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Assembly of States Parties of the International Criminal Court 2023: Statement from Andrew Murdoch, Legal Director at FCDO

Statement on Behalf of the United Kingdom: Session of the Assembly of States Parties to the Rome Statute 7 December, 2023

Madam President, Your Excellencies, Distinguished Delegates. I welcome this opportunity to address the Assembly on behalf of the Government of the United Kingdom.

This anniversary year marks a significant milestone in the Court’s history.

The Rome Statute is a landmark treaty, given life through the collective determination of the international community to address impunity and ensure accountability for the most egregious crimes.

It is worth reflecting that twenty-five years ago there were those who thought the Court would be a symbolic but ultimately toothless body. Such pessimism has been proved wrong. The Court continues to grow – including with Armenia’s welcome ratification of the Rome Statute.

Madam President,

The United Kingdom would like to express its deep gratitude to President HofmaÅ„ski, whose term as President of the Court expires next year. 

We also offer our sincere thanks to you, Madam President. As a judge, President of the Court and now as Assembly of States Parties (ASP) President, you have been a loyal servant and champion of the International Criminal Court (ICC) and its values. 

And we thank outgoing ASP Vice Presidents Ambassadors Sequensová and Rae for their exemplary service to the Court.

Finally, we congratulate Mr Osvaldo Zavala Giler on his election as ICC Registrar, the incoming ASP President, Vice Presidents and newly elected judges. You can all count on the UK’s support in the execution of your important mandates.

Madam President,

We commend the Court for its work this year, demonstrating its capability to successfully run three parallel trials, including the conviction of Dominic Ongwen for crimes against humanity and war crimes.

We commend the work of the Trust Fund for Victims in ensuring that the interests of victims are central to the work of the Court.

We also commend the Office of the Prosecutor for its careful prioritisation and use of resources. Concluding the investigative phase of four situations since the last Assembly is part of an effective prosecutorial strategy to achieve better and more focussed results. An agile approach to the Court’s work is more important than ever given the growing pressures it faces on its limited resources.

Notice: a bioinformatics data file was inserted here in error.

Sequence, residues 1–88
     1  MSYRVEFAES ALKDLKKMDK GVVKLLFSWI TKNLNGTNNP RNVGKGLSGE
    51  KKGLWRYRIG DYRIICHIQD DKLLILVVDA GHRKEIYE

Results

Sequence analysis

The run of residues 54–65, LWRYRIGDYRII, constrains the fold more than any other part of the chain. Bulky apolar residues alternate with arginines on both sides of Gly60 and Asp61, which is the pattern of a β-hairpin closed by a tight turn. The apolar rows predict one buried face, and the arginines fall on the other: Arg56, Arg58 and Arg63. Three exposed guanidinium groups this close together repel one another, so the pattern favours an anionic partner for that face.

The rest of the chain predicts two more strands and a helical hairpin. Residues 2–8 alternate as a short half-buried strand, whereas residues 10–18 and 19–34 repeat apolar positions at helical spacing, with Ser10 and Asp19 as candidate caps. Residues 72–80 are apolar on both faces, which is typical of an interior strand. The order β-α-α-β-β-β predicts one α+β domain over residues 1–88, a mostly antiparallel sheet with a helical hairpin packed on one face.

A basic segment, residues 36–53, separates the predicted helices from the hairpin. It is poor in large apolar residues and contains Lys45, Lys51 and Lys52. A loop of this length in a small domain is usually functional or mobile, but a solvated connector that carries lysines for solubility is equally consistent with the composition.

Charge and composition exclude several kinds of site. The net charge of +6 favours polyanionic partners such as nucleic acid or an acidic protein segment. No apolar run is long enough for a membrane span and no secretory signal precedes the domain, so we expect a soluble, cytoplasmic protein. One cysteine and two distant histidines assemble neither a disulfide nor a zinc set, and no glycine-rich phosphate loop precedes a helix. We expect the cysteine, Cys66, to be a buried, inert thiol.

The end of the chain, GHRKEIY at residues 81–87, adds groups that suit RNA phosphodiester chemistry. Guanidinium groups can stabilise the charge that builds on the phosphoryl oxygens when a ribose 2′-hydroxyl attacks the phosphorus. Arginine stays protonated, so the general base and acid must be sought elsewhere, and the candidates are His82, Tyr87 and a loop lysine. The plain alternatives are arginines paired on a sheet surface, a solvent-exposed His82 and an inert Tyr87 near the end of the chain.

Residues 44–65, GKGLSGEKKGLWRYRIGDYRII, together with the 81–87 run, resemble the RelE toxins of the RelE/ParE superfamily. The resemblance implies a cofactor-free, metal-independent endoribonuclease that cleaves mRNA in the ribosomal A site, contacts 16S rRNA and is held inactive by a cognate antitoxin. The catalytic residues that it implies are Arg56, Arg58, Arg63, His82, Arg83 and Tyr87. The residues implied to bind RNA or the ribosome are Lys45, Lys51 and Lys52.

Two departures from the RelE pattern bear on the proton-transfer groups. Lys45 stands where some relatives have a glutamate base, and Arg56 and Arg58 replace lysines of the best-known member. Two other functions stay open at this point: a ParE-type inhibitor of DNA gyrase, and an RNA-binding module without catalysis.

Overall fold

Madam President,

It is a perhaps a reflection of the Court’s successes that we have seen increased attempts to intimidate the Court and undermine its work. The criminal proceedings initiated by Russia against six ICC Judges and the Prosecutor and the cyber-attack were both cynical responses from those who fear the Court’s ability to deliver accountability and justice. Now more than ever, the Court needs our support.  We stand in support of the principled stance of the Prosecutor. 

Of course, such support need not be blinkered to the challenges the Court faces. 

While we welcome the progress made to improve its performance, effectiveness and efficiency, there is more to be done. We congratulate the Review Mechanism and all stakeholders in the Independent Expert Review (IER) process on completing the assessment this year of almost all 384 IER recommendations.

Some of those recommendations have already been implemented, but the majority have not. It is vital that momentum is maintained to deliver the change that is needed.    

The UK firmly believes that States must help the Court to meet its existing mandate before asking it to do even more. Great caution needs to be exercised by States considering adding more crimes to the Rome Statute, particularly where doing so risks division amongst States Parties.

And while we welcome the Court’s three courtrooms being in full use this year, we remain concerned by the lack of trials in the pipeline.

But of course the ICC does not exist or operate in a vacuum. When considering what more the ICC should do to meet the expectations of the States Parties, we should also consider what more we, the States Parties, can do for the ICC.

While States Parties rightly seek the Court to be more effective and efficient, to avoid judicial or prosecutorial overreach, and to respect complementarity, it must equally be properly resourced. The United Kingdom supports an increase to the Court’s budget this year to ensure that it has the resources to deliver what it is being asked to do.

The Court also needs States Parties to cooperate on fugitive tracking and execution of arrest warrants to ensure that, where necessary, individuals suspected of atrocity crimes are held accountable in The Hague. This will help ensure the pipeline of future trials.

Madam President,

Justice is a precursor to lasting peace. The intricate relationship between peace and justice underscores the indispensable role of the ICC in the pursuit of a more just and harmonious world.

The United Kingdom has been a steadfast supporter of the Court since its establishment, and we continue to stand with the court in its global fight against impunity.

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